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The Chieftain and the Chair

The Rise of Danish Design in Postwar America

Publication supported by the Neil Harris Endowment Fund

A history of how Danish design rose to prominence in the postwar United States, becoming shorthand for stylish modern comfort.

Today, Danish Modern design is synonymous with clean, midcentury cool. During the 1950s and ‘60s, it flourished as the furniture choice for Americans who hoped to signal they were current and chic. But how did this happen? How did Danish Modern become the design movement of the times? In The Chieftain and the Chair, Maggie Taft tells the tale of our love affair with Danish Modern design. Structured as a biography of two iconic chairs—Finn Juhl’s Chieftain Chair and Hans Wegner’s Round Chair, both designed and first fabricated in 1949—this book follows the chairs from conception and fabrication through marketing, distribution, and use.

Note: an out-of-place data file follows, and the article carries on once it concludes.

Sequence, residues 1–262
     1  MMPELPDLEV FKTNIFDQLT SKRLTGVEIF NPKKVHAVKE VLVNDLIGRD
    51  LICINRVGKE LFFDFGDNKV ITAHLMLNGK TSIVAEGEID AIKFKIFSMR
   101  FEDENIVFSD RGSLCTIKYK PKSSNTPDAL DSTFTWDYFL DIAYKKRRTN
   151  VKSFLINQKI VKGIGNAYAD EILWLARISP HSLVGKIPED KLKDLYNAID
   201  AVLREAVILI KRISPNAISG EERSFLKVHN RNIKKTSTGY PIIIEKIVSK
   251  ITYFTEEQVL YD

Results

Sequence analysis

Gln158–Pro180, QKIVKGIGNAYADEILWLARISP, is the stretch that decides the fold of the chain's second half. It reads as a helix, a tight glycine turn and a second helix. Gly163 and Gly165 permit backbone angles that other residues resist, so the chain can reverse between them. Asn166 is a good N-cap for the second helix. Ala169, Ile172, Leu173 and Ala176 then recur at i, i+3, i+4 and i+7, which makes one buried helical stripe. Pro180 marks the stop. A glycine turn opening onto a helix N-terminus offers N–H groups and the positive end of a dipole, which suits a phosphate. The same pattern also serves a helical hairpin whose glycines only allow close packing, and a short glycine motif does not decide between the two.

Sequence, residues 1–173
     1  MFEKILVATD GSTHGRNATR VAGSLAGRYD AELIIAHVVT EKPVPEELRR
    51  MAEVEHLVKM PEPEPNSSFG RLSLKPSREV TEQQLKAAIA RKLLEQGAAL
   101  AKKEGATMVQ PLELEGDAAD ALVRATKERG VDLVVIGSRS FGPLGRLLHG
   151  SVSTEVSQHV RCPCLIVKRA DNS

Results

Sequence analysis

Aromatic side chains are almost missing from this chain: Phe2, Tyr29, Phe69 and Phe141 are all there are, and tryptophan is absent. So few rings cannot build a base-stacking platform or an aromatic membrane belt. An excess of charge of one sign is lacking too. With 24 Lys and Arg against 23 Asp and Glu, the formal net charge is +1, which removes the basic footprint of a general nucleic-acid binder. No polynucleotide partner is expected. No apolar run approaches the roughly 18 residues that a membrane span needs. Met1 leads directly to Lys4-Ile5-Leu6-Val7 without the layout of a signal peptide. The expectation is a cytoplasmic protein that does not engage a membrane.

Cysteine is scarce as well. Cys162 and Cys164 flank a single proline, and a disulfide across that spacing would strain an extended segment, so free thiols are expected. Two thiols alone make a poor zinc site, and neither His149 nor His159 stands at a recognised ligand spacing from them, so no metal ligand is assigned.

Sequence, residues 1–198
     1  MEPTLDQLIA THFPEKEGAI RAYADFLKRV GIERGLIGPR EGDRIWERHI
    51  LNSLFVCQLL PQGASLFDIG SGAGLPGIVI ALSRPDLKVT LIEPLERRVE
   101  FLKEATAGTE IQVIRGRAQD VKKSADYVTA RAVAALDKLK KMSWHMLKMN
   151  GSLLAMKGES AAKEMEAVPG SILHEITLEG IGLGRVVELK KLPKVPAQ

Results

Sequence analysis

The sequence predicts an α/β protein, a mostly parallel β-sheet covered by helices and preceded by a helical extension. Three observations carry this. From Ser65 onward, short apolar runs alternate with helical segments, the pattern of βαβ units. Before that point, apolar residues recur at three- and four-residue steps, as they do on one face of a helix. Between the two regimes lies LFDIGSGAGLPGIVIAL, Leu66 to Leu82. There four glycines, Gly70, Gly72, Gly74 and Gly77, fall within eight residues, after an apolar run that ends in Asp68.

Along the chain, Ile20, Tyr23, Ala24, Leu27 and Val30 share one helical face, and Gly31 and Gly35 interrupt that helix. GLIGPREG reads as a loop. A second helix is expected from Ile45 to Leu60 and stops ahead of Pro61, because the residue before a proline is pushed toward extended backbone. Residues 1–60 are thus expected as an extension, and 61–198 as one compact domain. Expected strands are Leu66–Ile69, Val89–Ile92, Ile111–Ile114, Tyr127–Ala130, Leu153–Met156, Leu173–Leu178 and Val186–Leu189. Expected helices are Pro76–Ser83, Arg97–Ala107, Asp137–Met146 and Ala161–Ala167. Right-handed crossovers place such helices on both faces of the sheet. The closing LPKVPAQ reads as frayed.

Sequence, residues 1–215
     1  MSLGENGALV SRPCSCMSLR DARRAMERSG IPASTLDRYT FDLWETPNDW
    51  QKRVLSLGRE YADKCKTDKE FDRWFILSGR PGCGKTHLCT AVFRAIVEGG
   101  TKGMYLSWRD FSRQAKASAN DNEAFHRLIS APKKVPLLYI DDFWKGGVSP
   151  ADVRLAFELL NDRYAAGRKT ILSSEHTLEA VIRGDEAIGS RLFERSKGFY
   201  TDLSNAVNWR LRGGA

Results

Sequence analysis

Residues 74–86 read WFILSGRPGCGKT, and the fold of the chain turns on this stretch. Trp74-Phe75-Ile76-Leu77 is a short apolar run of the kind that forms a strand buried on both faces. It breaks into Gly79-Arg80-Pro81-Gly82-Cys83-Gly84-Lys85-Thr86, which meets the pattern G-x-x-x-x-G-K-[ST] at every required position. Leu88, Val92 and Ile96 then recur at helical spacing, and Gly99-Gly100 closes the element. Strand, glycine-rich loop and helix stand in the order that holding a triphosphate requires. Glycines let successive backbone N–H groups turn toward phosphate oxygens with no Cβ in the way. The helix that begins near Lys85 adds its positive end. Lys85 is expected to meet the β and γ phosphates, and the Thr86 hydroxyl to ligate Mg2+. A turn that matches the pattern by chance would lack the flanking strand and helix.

Drawing on research in public and private archives, Taft considers how political, economic, and cultural forces in interwar Denmark laid the foundations for the postwar furniture industry, and she tracks the deliberate maneuvering on the part of Danish creatives and manufacturers to cater to an American market. Taft also reveals how American tastemakers and industrialists were eager to harness Danish design to serve American interests and how furniture manufacturers around the world were quick to capitalize on the fad by flooding the market with copies.

Sleek and minimalist, Danish Modern has experienced a resurgence of popularity in the last few decades and remains a sought-after design. This accessible and engaging history offers a unique look at its enduring rise among tastemakers.

 

200 pages | 16 color plates, 36 halftones | 6 x 5 1/2

Art: Art--General Studies

Design

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